Turning Waste Wood Into Profit
CENTRAL WOOD RECYCLERS
May 20, 2004
Turning Waste Wood Into Profit
Tokoroa Company Central Wood Recyclers (CWR) has developed a waste wood recovery business that reduces the impact of commercial forestry on the environment and provides an alternative fuel for industrial use.
CWR clear and process waste wood from forest clear-fell sites for Carter Holt Harvey Pulp & Paper in Tokoroa. With up to 4% of felled wood being left in and around skid sites, the potential for environmental damage from slips, fires and leaching into the water table is high. The excess wood is also a resource that up until now has been left behind.
CWR use a revolutionary new product called The Ripper, developed by Screening & Crushing Systems Ltd (SCS) Christchurch, to process the waste wood on site. CWR General Manager Noel Richmond says The Ripper is a unique solid waste wood shredder/grinder and screening plant in one compact unit.
“The machine reduces wood waste to hog fuel (boiler fuel), an energy resource which is economically and environmentally more beneficial than burning coal and oil. The machine is capable of screening, shredding and grinding many materials other machines cannot handle into a size and form that is easy to transport. It requires approximately half the horse power of conventional plants for the same or more output, and costs half to two thirds less to operate than conventional grinding machines.”
The processed wood is trucked to Carter Holt’s Kinleith Mill where it is used as an economical alternative fuel.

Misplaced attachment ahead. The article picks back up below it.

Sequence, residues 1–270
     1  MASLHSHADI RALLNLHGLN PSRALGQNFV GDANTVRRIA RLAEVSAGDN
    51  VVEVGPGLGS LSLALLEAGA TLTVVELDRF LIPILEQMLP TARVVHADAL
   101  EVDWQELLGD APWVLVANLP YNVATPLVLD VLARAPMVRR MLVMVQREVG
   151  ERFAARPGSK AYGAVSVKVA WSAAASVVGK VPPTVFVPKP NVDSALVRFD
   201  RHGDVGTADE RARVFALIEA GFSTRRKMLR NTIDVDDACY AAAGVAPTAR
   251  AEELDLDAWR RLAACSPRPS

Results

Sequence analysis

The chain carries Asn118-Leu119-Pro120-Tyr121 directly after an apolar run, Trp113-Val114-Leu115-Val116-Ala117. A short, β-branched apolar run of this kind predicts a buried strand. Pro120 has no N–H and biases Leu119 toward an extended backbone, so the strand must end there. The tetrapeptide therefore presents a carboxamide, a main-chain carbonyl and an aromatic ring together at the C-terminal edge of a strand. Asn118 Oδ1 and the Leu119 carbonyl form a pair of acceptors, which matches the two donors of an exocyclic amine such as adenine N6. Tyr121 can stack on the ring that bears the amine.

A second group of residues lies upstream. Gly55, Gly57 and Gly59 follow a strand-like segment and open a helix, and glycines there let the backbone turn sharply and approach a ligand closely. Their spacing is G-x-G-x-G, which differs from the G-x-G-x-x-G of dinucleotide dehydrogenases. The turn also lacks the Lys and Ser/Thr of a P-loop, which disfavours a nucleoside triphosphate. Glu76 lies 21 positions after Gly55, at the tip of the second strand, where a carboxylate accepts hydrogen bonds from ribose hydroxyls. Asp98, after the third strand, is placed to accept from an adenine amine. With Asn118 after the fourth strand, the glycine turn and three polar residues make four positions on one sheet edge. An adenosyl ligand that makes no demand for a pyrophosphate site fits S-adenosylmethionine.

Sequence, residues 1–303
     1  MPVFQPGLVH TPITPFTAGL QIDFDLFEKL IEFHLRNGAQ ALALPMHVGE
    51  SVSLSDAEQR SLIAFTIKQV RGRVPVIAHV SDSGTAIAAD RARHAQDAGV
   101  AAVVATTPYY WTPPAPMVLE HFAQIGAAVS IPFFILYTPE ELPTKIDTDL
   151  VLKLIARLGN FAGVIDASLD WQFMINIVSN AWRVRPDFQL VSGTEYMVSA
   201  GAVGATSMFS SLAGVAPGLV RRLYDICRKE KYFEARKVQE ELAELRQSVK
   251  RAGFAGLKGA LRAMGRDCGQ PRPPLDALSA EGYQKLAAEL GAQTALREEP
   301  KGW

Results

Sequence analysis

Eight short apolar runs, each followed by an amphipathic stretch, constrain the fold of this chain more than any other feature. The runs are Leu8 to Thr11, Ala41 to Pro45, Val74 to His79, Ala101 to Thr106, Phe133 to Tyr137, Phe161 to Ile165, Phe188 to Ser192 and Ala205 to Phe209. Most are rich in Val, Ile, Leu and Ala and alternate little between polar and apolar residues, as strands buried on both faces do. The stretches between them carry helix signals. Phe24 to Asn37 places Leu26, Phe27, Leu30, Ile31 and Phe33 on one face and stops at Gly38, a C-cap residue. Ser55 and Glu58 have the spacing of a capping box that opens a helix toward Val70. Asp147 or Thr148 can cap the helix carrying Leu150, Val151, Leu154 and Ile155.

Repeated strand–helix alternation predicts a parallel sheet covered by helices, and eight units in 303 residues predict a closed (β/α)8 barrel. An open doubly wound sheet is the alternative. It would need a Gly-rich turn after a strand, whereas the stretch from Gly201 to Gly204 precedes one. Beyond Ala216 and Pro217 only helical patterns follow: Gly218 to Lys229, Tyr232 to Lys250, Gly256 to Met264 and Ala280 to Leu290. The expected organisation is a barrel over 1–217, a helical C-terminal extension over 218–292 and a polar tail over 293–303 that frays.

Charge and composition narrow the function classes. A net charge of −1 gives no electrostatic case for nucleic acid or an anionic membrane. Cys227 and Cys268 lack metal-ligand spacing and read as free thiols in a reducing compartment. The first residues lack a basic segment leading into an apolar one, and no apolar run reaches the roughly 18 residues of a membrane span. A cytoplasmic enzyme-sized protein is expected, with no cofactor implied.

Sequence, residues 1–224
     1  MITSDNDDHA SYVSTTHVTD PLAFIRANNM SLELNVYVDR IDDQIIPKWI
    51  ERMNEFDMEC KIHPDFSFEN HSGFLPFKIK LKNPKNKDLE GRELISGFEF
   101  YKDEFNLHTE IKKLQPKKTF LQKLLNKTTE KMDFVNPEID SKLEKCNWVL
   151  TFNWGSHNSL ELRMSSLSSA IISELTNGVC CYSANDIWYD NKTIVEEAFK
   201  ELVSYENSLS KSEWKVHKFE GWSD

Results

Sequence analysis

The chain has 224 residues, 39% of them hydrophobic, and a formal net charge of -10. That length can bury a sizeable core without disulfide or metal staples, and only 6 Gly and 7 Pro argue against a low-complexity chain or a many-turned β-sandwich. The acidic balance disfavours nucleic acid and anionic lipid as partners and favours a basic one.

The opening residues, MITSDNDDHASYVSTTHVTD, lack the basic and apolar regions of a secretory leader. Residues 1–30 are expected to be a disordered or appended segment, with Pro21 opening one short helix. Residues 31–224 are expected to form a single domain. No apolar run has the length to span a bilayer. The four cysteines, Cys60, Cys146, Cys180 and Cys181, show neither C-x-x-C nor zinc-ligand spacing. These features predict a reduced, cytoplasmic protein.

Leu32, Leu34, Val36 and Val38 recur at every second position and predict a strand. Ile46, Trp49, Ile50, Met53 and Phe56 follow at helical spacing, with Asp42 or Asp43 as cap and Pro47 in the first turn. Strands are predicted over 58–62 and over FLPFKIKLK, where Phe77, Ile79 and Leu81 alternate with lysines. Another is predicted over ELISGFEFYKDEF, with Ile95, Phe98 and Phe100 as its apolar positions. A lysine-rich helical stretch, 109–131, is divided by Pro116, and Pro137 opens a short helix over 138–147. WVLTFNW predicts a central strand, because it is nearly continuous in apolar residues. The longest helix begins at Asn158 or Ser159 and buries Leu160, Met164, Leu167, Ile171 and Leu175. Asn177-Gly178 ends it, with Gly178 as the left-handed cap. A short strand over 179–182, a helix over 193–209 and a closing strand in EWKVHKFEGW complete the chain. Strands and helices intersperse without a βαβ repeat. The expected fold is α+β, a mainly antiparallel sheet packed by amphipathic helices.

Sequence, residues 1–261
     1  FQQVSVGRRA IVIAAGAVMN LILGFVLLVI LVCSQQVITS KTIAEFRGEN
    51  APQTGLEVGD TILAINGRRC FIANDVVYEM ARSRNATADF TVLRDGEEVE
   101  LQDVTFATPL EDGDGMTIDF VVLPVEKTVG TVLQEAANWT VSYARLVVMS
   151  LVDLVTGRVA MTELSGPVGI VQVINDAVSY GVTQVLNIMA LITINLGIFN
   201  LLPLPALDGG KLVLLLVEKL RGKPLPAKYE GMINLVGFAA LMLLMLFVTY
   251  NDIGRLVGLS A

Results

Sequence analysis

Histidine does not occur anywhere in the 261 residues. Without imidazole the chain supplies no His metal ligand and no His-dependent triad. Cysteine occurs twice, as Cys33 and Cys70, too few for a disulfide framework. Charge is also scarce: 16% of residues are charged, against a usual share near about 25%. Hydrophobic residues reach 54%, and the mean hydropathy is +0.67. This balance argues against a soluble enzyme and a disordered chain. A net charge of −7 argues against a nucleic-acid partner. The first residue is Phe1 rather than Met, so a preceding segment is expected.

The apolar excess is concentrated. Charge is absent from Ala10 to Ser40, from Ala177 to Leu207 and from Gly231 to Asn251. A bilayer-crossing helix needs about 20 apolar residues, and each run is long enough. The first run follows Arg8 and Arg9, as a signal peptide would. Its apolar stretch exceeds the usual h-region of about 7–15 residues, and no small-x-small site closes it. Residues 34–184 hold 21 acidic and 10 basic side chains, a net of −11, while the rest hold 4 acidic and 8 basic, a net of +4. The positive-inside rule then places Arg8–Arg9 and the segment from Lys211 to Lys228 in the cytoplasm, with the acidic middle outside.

Carter Holt’s Trevor Gerken says the Hog fuel is burned in the company’s CoGen boiler, which produces steam for use in the mill. An embedded steam turbine also produces electricity for the plant.
“We have been trialing the Hog fuel for about a year,” he said. “The trial has demonstrated the quality of the product and with further refinements to the overall process, we are confident this will prove to be an economic alternative to other fuels.”
CWR has processed 50,000 tonnes of waste wood since starting its operation a year ago. Noel Richmond says this figure could easily double as the cost effective advantages of Hog fuel become more widely appreciated.
SCS Managing Director, Brian Court, likens the Ripper to a ‘giant, very robust, kitchen whiz, with its swale cutting pattern able to handle large volumes of material.
“The sky is the limit in terms of what this machine might be able to do,” says Court. “There is nothing else like it available on the market, in New Zealand or overseas”.
The Ripper was primarily designed as a wood grinder, but is taking the recycling industry by storm with its ability to process such items as tyres, carpet and plastics. Also in development is technology that will give it the ability to grind whiteware and asphalt.
The Ripper has been available in Australia for about a year and already demand is high, and SCS has a majority market share. Further R&D is being carried out this year and an increase in local jobs is expected as the Ripper is exported worldwide.